Nov 112012

Celtic Drop Points For The Third League Match In A Row



Having just returned from a cold afternoon at Celtic Park, I can’t say I’m overly annoyed with the result. Celtic took the lead early in the second half of a fairly lacklustre encounter through Tony Watt, before Nigel Hasselbaink equalised for the Saints with around fifteen minutes to go. The game finished in a 1-1 draw and, whilst I’d hardly describe myself as delighted, I’m not too bothered with the draw. And yet, perhaps this is part of the problem?

Celtic have only taken two points from a potential nine in our last three matches in the Scottish Premier League, and we have, in fact, only won half of our games during the league campaign thus far. Whilst our form both away from home and at Celtic Park is identical (three wins, two draws, one loss each), it is worth noting that we have scored more than twice as many goals away from home than we have at Celtic Park, and yet only conceded two more away.

Having already dropped fourteen points (from a possible thirty six), I can’t help but think that, in any previous season, we’d all have been a tad concerned by now to say the least. Of course, this season is unlike any of those in the past, with no obvious rival to any title challenge.

Now, I’m not about to sit here and say Scottish Football is suffering without Rangers, because I don’t believe it is. Attendances are up at most Scottish Premier League grounds this season, and undoubtedly the other league sides now have more to play for, with second place bringing a place in a Champions League qualifier.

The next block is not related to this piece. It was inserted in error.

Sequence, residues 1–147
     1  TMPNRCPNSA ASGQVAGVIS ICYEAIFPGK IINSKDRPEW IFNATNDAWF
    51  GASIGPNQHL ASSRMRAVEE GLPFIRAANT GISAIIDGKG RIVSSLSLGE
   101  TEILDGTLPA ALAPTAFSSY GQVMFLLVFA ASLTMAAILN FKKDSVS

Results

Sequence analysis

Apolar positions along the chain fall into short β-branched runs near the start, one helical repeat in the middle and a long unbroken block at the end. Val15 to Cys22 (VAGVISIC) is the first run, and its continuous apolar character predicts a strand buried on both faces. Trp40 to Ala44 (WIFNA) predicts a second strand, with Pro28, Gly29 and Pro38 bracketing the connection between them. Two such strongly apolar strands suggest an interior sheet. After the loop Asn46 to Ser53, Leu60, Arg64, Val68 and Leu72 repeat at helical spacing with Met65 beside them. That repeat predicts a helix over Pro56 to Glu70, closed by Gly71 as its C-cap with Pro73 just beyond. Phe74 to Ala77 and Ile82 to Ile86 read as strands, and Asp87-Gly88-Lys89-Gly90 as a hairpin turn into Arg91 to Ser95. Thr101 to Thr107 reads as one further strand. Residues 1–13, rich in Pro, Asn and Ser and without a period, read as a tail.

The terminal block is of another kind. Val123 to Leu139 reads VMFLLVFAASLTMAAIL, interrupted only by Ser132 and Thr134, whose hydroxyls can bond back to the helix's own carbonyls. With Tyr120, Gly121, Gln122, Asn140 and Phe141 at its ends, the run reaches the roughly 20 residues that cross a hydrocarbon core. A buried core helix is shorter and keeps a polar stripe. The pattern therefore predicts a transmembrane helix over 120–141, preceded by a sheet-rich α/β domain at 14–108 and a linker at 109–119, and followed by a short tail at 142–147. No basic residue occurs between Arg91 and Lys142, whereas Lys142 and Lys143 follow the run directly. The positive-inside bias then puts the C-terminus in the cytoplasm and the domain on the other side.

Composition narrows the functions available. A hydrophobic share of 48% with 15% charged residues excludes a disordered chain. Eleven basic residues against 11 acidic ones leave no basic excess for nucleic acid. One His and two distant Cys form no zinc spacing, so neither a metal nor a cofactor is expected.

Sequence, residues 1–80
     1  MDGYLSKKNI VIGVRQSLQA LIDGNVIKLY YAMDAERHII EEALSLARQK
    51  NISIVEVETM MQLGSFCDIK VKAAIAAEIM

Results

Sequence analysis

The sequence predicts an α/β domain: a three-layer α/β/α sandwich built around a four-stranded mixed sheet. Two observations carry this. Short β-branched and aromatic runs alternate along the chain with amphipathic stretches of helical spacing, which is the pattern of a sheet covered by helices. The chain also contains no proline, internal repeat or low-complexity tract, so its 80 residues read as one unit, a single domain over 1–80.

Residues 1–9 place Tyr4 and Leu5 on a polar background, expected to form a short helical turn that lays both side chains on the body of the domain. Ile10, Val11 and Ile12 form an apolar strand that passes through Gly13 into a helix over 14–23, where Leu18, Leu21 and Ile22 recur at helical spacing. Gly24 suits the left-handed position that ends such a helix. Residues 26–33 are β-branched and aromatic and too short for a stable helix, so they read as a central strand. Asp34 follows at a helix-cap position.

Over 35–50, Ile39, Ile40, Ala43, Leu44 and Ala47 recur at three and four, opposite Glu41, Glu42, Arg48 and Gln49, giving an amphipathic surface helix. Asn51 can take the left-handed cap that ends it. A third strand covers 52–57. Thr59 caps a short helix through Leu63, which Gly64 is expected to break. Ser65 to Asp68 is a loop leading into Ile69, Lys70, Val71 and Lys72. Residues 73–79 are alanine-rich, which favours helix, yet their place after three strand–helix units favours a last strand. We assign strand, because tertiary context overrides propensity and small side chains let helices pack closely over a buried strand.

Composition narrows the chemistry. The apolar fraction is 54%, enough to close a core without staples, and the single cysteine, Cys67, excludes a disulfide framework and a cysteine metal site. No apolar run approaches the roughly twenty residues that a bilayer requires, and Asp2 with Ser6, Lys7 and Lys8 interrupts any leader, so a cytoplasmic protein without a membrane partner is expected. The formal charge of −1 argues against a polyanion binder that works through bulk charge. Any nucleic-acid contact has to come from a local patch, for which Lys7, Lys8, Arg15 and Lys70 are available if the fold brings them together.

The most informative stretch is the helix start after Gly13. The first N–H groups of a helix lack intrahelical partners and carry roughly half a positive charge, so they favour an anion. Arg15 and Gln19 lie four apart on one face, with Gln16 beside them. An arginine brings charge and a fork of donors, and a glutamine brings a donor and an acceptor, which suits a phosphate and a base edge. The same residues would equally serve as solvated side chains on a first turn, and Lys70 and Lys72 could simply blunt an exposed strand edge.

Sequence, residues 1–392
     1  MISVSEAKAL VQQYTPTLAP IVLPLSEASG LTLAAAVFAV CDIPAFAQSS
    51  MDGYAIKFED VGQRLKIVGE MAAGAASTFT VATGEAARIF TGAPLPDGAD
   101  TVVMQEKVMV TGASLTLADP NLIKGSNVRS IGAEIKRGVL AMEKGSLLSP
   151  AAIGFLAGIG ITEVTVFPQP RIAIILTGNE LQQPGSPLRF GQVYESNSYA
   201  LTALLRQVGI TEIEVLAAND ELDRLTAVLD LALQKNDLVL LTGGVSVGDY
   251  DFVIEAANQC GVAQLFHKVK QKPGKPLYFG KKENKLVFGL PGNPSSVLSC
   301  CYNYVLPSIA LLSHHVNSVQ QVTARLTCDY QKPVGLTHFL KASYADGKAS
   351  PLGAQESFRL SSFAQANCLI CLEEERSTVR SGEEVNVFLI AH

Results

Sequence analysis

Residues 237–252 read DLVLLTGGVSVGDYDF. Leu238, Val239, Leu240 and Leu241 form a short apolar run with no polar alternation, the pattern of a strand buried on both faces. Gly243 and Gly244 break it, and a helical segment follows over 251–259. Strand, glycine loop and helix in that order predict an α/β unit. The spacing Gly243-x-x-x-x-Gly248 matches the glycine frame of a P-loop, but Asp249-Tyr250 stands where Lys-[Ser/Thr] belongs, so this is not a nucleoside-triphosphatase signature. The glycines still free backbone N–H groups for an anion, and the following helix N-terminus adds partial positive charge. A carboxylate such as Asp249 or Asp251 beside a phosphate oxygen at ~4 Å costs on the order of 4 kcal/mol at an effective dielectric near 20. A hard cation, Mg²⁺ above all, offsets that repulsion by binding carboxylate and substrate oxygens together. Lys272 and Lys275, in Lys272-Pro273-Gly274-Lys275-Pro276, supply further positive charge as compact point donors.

Hibs lead the table by two points, but Celtic do have a game in hand.


I hate to sound like I’m moaning, because I’m really not. Celtic’s result midweek is one of the greatest victories I have ever witnessed as a Celtic supporter, and it will live long in the memory. Every member of the team and the supporters gave their all on Wednesday night, and I felt it showed today.

Many of the players seemed lethargic, with one of the few exceptions being the ever energetic Tony Watt. Having previously hammered St Johnstone 5-0 in the League Cup less than a fortnight ago, perhaps it isn’t a surprise that many people, including myself, believed there would be a similar outcome today. However, after another mediocre performance, we have only managed to take a single point from a potential six against St Johnstone this season.

Do I think we will win the league? Yes, but I’ve never been an individual who believed we would win it by twenty or thirty points this season. Without some inevitable defeats to Rangers, the other teams in the league will pick up more points this season, and we must guard against complacency. Whether the players were tired, complacent, or a mixture of both is largely irrelevant. Our league form has been inconsistent to say the least.

Whilst European Football is our most glamorous endeavour, we must, as a Club and as a support, be wary of becoming preoccupied with it. On the grand scheme of things, I’m not too worried as yet domestically. However, if we were to end up in a position in say, February or March, where Hibs or any other side had a points advantage over us, I could foresee a scenario where we collectively all awoke and thought “hang on a minute here, we really need to start winning!”

All in all, I can only congratulate Neil and his team for their epic display on Wednesday night. It really was something special, but European hangovers must be something we all aim to avoid.

Neil Lennon will have put out his side today and expected them to be capable of winning, in the same way he did when we played Kilmarnock and Dundee United, but on all three occasions, the team have failed in this regard. Is this a huge problem? No, not yet, but we must aim to make sure it doesn’t become one.

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